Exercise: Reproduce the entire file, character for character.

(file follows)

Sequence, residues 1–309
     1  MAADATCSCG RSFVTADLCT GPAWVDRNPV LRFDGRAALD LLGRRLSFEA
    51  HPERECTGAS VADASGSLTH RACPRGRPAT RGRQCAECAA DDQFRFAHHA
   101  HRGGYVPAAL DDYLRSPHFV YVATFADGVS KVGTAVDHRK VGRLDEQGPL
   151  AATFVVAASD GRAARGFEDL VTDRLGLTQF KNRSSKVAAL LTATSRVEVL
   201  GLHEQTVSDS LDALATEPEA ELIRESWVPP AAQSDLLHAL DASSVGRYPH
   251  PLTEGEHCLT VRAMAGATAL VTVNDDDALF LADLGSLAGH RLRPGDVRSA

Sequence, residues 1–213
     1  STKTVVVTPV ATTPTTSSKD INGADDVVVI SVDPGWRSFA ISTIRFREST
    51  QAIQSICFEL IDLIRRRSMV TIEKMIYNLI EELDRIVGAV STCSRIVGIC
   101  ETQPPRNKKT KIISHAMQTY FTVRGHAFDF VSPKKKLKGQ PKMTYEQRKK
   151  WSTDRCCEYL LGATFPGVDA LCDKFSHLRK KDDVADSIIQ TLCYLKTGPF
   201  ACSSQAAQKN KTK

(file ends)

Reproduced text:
Sequence, residues 1–309
     1  MAADATCSCG RSFVTADLCT GPAWVDRNPV LRFDGRAALD LLGRRLSFEA
    51  HPERECTGAS VADASGSLTH RACPRGRPAT RGRQCAECAA DDQFRFAHHA
   101  HRGGYVPAAL DDYLRSPHFV YVATFADGVS KVGTAVDHRK VGRLDEQGPL
   151  AATFVVAASD GRAARGFEDL VTDRLGLTQF KNRSSKVAAL LTATSRVEVL
   201  GLHEQTVSDS LDALATEPEA ELIRESWVPP AAQSDLLHAL DASSVGRYPH
   251  PLTEGEHCLT VRAMAGATAL VTVNDDDALF LADLGSLAGH RLRPGDVRSA

Sequence, residues 1–213
     1  STKTVVVTPV ATTPTTSSKD INGADDVVVI SVDPGWRSFA ISTIRFREST
    51  QAIQSICFEL IDLIRRRSMV TIEKMIYNLI EELDRIVGAV STCSRIVGIC
   101  ETQPPRNKKT KIISHAMQTY FTVRGHAFDF VSPKKKLKGQ PKMTYEQRKK
   151  WSTDRCCEYL LGATFPGVDA LCDKFSHLRK KDDVADSIIQ TLCYLKTGPF
   201  ACSSQAAQKN KTK